Soon after recovering physically from my first miscarriage, my husband and I returned to church to worship alongside our brothers and sisters in Christ. That Sunday was not easy. Returning to “normal life” after tragedy strikes never is.
There is simply no escaping the feeling—whether justified or not—that those around you are oblivious to the gravity of the pain you are experiencing. For you, the world has been forever altered. Eternal realities of life, death, pain, and longing have been your constant companions. Yet all around, people seem to live and laugh as though nothing of significance has happened.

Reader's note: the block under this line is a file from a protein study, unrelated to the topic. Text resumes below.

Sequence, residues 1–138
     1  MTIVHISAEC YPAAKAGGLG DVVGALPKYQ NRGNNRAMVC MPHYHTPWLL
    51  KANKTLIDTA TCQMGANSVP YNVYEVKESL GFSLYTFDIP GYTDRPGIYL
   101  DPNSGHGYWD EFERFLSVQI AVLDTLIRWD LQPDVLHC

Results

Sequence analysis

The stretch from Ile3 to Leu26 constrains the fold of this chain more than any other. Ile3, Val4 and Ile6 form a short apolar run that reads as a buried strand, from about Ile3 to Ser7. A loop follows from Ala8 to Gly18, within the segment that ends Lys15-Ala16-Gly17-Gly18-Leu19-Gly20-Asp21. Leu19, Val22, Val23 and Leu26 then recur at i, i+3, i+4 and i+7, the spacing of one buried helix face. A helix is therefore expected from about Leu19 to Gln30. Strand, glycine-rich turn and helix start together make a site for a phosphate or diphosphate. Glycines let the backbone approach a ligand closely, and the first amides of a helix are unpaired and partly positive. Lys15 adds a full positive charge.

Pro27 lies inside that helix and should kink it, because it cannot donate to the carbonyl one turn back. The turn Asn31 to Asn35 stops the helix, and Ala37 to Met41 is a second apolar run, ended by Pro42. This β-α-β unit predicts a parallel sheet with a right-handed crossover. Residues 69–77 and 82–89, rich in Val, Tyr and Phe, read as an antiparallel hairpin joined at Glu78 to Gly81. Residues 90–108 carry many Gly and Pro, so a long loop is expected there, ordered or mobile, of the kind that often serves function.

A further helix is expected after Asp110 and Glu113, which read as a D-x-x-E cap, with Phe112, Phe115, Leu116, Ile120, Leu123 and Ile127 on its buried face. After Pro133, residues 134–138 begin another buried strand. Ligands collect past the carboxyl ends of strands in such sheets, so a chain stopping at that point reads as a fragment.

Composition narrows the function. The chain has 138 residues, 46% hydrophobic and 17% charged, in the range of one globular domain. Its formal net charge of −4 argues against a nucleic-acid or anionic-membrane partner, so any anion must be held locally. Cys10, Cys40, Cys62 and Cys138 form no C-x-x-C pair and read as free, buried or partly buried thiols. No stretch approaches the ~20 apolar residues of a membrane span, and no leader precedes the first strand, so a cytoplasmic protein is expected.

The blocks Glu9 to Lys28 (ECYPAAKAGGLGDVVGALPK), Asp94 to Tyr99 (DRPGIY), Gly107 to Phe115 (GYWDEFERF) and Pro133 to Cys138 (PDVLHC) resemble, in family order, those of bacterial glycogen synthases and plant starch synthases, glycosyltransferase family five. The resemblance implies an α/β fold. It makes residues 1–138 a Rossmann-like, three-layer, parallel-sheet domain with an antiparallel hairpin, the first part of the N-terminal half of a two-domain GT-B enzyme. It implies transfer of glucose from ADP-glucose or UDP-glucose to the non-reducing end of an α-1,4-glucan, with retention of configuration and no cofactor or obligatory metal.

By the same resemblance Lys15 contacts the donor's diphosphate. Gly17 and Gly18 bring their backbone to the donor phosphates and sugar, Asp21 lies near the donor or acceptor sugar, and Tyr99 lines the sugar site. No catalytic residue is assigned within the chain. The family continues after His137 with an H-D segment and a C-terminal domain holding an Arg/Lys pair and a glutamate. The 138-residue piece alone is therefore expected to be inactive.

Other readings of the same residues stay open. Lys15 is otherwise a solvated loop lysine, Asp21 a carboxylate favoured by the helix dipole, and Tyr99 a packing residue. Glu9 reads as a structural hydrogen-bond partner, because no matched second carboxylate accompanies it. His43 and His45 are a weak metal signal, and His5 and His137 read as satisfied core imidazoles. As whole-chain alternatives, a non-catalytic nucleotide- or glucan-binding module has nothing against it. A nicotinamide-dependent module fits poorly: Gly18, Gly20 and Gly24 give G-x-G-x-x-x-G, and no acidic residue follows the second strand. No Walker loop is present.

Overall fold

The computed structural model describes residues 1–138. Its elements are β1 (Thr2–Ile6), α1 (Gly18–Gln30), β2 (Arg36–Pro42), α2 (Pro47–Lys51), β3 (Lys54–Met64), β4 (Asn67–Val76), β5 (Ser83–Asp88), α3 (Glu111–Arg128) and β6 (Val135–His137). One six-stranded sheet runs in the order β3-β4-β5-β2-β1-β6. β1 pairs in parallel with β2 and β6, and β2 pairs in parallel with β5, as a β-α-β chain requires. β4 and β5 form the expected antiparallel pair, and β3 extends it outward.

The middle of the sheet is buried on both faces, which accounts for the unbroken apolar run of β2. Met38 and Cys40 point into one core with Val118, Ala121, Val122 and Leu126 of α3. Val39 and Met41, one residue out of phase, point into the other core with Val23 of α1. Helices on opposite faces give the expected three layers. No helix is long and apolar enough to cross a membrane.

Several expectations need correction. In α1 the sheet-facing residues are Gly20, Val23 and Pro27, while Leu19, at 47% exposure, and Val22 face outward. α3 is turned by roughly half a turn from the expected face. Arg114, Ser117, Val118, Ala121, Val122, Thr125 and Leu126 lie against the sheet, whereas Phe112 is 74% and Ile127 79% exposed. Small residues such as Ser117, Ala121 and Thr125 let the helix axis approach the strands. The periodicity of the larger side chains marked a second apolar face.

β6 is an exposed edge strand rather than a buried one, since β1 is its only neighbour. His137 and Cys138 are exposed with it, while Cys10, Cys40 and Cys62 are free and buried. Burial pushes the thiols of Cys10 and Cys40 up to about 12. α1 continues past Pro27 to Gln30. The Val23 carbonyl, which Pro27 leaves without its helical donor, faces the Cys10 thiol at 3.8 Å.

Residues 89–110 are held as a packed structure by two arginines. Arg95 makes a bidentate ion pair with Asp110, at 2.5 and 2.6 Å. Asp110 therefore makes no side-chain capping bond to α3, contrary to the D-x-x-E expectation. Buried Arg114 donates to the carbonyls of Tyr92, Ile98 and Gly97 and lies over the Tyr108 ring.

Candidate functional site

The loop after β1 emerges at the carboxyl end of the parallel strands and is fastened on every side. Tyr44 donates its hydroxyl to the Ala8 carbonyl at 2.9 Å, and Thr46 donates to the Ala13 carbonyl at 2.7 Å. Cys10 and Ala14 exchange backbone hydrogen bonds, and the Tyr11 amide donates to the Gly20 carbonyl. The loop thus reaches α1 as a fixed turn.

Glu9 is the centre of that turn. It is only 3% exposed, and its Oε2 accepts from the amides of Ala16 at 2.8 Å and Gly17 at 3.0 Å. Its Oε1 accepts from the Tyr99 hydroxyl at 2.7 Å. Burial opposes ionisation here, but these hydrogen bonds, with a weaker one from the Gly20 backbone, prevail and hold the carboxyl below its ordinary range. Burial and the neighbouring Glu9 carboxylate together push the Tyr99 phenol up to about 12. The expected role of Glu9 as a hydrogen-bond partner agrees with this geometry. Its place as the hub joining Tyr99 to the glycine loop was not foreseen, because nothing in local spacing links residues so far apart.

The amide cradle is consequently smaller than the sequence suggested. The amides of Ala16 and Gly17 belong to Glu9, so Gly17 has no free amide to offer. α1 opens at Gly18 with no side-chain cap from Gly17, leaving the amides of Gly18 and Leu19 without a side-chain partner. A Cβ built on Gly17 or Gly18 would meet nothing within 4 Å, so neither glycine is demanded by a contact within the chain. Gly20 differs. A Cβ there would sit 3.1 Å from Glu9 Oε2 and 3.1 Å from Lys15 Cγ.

Our church at the time was located a couple minutes away from the seminary my husband attended. Its membership was made up predominantly of young seminary students and their families. Their growing families. And as we found a place to sit in one of the pews, I remember looking down the row of people it held, mentally noting each of the swollen bellies it contained. Those who did not carry their children within them, rocked car seat carriers back and forth, gently hushing their little ones to sleep.
Instinctively, I touched my empty belly, and grieved for the life that only weeks before resided within. My eyes filled with tears as I sought to accept the providence of God in my life and in theirs—that while he had chosen life for their children, he had allowed death to befall mine; that while he was calling them to the privilege of motherhood, he was calling me to the privilege of suffering.